The purpose of this study was to analyze outcomes of a quality improvement project that evaluated a turning intervention for prevention of facility-acquired pressure injuries.DESIGN:
A descriptive correlational study design examined the effectiveness of using a “turn team assignment” on pressure injury incidence and staff perceptions.SUBJECTS AND SETTING:
The study sample comprised RNs and patient care associates assigned to provide care for patients admitted on the first or any subsequent day of hospitalization to a surgical intensive care unit at a Midwest inner-city teaching hospital.METHODS:
Direct observation by expert clinicians occurred in 2-hour increments over a 14-day period using an 11-item, unit-designed process improvement tool. We collected information regarding cueing, concurrent turning, independent turning in lieu of the cue, staff support, and possible barriers to turning and repositioning. Staff perceptions were collected using an online tool via survey. The survey utilized a 14-item questionnaire, and a 5-point Likert Scale to identify staff perceptions and beliefs about the turn team intervention. Pressure injury occurrences were measured using data from our monthly prevalence study.RESULTS:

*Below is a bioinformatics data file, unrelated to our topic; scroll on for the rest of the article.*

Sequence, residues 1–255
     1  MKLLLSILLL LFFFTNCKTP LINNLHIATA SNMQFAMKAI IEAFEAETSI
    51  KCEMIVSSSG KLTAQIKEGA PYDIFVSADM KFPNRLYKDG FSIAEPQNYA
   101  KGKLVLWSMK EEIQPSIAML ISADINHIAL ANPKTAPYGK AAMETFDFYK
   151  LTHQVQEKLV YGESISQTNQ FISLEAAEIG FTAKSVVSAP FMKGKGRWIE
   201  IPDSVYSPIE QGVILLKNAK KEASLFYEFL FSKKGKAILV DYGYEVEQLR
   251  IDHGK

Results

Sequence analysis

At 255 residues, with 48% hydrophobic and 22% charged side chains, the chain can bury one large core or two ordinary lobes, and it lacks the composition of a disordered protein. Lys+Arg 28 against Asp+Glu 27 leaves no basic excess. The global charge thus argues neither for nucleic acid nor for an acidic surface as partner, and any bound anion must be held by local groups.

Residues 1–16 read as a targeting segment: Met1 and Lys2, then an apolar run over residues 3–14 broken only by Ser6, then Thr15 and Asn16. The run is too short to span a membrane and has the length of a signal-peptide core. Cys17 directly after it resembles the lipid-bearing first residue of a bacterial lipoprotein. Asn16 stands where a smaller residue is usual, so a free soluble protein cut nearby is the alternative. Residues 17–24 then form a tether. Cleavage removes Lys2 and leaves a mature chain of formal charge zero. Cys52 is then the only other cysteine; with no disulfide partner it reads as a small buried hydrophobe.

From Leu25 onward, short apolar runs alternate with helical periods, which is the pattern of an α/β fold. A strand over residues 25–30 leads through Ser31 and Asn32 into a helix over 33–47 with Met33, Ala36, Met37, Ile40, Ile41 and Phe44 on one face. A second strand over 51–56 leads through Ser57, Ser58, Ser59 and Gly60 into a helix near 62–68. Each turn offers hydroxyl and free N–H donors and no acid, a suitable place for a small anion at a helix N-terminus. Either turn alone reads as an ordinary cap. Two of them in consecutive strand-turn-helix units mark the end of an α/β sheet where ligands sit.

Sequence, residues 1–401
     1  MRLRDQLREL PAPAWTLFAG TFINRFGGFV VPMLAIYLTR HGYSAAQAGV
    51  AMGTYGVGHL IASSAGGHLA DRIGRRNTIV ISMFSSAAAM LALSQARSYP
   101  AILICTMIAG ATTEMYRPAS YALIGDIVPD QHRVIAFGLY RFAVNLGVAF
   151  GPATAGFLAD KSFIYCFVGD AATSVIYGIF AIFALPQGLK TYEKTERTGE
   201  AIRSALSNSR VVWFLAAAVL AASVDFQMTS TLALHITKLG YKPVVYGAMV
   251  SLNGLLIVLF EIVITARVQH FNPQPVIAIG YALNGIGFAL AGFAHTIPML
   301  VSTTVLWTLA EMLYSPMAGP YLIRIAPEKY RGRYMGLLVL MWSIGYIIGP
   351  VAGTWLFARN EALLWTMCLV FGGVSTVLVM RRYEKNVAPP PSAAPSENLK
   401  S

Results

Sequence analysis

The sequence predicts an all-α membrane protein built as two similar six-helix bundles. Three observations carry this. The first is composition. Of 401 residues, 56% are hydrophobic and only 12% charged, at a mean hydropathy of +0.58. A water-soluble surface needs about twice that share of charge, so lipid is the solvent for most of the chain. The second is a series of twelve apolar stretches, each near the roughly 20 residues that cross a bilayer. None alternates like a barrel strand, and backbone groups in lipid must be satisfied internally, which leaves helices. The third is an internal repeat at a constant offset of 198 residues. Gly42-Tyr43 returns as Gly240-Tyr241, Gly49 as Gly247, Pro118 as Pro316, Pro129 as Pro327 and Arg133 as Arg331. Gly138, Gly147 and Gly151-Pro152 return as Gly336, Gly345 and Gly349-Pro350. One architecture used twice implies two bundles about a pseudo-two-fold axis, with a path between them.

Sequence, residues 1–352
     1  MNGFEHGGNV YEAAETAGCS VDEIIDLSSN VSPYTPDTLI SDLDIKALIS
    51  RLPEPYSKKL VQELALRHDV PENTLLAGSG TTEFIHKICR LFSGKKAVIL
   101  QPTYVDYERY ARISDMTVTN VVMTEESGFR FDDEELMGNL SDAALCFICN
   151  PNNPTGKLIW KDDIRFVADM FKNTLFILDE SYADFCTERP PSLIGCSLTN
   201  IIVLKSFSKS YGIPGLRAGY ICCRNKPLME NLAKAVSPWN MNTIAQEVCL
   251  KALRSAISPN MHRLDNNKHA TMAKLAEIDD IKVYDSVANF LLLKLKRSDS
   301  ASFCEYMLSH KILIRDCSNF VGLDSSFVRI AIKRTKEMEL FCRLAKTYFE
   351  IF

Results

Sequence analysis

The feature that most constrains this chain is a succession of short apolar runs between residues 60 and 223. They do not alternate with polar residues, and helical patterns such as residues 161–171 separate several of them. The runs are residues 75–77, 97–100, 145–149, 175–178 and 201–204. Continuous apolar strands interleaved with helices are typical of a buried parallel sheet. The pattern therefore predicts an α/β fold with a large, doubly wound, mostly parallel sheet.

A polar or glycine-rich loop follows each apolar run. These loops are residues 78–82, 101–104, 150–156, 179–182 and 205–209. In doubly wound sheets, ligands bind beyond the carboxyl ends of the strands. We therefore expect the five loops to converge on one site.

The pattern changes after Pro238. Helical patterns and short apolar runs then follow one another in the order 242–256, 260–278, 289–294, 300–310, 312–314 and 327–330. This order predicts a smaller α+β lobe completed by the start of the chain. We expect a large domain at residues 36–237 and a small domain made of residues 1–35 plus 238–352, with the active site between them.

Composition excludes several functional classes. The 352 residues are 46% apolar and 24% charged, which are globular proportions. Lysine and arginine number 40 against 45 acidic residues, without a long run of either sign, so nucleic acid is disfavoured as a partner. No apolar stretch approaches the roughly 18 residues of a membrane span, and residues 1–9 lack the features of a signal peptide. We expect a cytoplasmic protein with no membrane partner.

Pressure injury occurrences declined from 24.9% to 16.8% over the data collection period. There was a strong positive correlation between verbal cueing and turning (r = 0.815; P < .05). Staff perceptions supported preintervention education (64.3%) and cueing (93%; 78%) as effective interventions in completing patient turning.CONCLUSIONS:
Findings suggest that turn team assignments using verbal cueing are an effective intervention that decreases pressure injury occurrence. This intervention required no increase in staffing personnel, making this type of intervention reasonable and effective in improving frequency of repositioning and decreasing pressure injury prevalence rates.